China’s Xi, Trump to meet in Florida

Pres­i­dents planning to con­fer at Mar-aLago on April 6-7.

Austin American-Statesman - - MORE OF TODAY’S TOP NEWS -

Pres­i­dent Don­ald BEI­JING — Trump will meet with his Chi­nese coun­ter­part Xi Jin­ping for the first time April 6 and 7 at Trump’s Florida re­sort, China’s For­eign Min­istry an­nounced Thurs­day, amid a range of press­ing is­sues in­clud­ing trade, North Korea and ter­ri­to­rial dis­putes in the South China Sea.

The re­la­tion­ship be­tween the world’s No. 1 and No. 2 economies has been un­cer­tain fol­low­ing the elec­tion of Trump, who ac­cused China dur­ing his cam­paign of un­fair trade prac­tices and threat­ened to raise im­port taxes on Chi­nese goods and de­clare Bei­jing a cur­rency ma­nip­u­la­tor.

It is un­clear whether Trump will fol­low through with ei­ther threat. He is now seek­ing Bei­jing’s help in pres­sur­ing North Korea over its nu­clear weapons and mis­siles pro­grams. China is North Korea’s most im­por­tant source of diplo­matic sup­port and eco­nomic as­sis­tance.

In Fe­bru­ary, Trump reaf­firmed Wash­ing­ton’s long-stand­ing “one China” pol­icy in a call with Xi, in an ap­par­ent move to ease con­cerns in China that he might use Tai­wan as lever­age in ne­go­ti­a­tions over trade, se­cu­rity and other sen­si­tive is­sues. The pol­icy in place since 1979 re­quires Wash­ing­ton to main­tain only un­of­fi­cial ties with Tai­wan, which China claims as its own ter­ri­tory.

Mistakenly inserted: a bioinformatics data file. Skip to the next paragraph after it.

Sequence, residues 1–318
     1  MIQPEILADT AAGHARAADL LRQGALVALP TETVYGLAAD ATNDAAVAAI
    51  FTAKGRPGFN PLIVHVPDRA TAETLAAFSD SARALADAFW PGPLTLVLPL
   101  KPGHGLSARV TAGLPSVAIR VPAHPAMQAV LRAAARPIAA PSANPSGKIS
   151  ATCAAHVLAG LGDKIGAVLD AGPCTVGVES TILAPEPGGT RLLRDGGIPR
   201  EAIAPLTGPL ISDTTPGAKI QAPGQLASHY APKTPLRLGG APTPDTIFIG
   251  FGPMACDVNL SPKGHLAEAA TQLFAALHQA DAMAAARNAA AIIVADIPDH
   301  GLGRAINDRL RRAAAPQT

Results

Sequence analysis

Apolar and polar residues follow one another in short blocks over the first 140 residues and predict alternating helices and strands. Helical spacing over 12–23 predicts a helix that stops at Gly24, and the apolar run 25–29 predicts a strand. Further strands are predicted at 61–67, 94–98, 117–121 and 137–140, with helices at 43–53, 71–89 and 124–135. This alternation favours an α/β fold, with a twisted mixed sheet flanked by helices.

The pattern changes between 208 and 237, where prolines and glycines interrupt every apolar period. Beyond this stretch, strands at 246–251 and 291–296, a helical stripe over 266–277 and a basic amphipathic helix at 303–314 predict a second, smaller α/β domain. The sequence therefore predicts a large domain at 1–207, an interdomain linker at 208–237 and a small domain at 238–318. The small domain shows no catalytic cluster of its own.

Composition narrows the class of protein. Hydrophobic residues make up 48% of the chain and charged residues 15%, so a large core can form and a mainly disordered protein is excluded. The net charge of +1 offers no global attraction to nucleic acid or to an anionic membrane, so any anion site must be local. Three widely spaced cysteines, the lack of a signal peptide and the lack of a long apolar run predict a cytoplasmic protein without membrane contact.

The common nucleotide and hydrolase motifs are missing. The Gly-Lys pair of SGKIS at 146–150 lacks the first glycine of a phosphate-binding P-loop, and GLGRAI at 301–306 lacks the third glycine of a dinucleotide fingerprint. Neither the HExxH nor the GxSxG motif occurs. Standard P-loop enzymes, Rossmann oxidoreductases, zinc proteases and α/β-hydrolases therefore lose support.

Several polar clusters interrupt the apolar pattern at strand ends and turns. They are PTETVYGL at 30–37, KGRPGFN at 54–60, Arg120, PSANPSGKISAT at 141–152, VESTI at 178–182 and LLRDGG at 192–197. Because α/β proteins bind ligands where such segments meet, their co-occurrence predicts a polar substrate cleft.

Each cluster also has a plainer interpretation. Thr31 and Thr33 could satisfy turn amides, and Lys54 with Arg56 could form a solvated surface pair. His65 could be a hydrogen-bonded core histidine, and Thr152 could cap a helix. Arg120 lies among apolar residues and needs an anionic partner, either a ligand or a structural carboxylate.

A state­ment from the White House said the two lead­ers will dis­cuss global, re­gional and bi­lat­eral is­sues of mu­tual con­cern. Pres­i­dent Trump and first lady Me­la­nia Trump will host Xi and his wife Peng Liyuan at a din­ner Thurs­day evening, it added.

Chi­nese For­eign Min­istry spokesman Lu Kang told re­porters that Xi would meet with Trump at Mar-a-Lago, with­out pro­vid­ing any more de­tails.

It is the same Florida re­sort where Trump hosted and played golf with Ja­panese Prime Min­is­ter Shinzo Abe in Fe­bru­ary. Xi, a fan of soc­cer and other sports, is not known to play golf.

Re­la­tions be­tween China and the U.S. un­der for­mer Pres­i­dent Barack Obama were strained by is­sues in­clud­ing China’s mil­i­tary island-build­ing in wa­ters sur­round­ing in­ter­na­tional ship­ping lanes in the South China Sea, al­le­ga­tions of cy­ber­hack­ing and a U.S. pol­icy re­bal­ance to Asia.

De­spite that, co­op­er­a­tion be­tween their mil­i­taries ex­panded ten­ta­tively, and China’s de­fense min­istry Thurs­day hailed fur­ther growth, while warn­ing of po­ten­tial fric­tions ahead.

“We are will­ing to make joint ef­forts with the U.S. side ... so as to main­tain a sta­ble mil­i­tary-to-mil­i­tary re­la­tion­ship while striv­ing to make new gains,” spokesman Col. Wu Qian said.

How­ever, Wu also re­it­er­ated China’s op­po­si­tion to the de­ploy­ment of a so­phis­ti­cated mis­sile de­fense sys­tem in South Korea, known as THAAD, which Bei­jing says threat­ens its own se­cu­rity with its abil­ity to mon­i­tor flights and mis­sile launches.

“The de­ploy­ment of the THAAD sys­tem will def­i­nitely not make (South Korea) any safer. And se­condly, the Chi­nese mil­i­tary’s op­po­si­tion to the THAAD sys­tem will def­i­nitely not be con­fined to just words,” Wu said.

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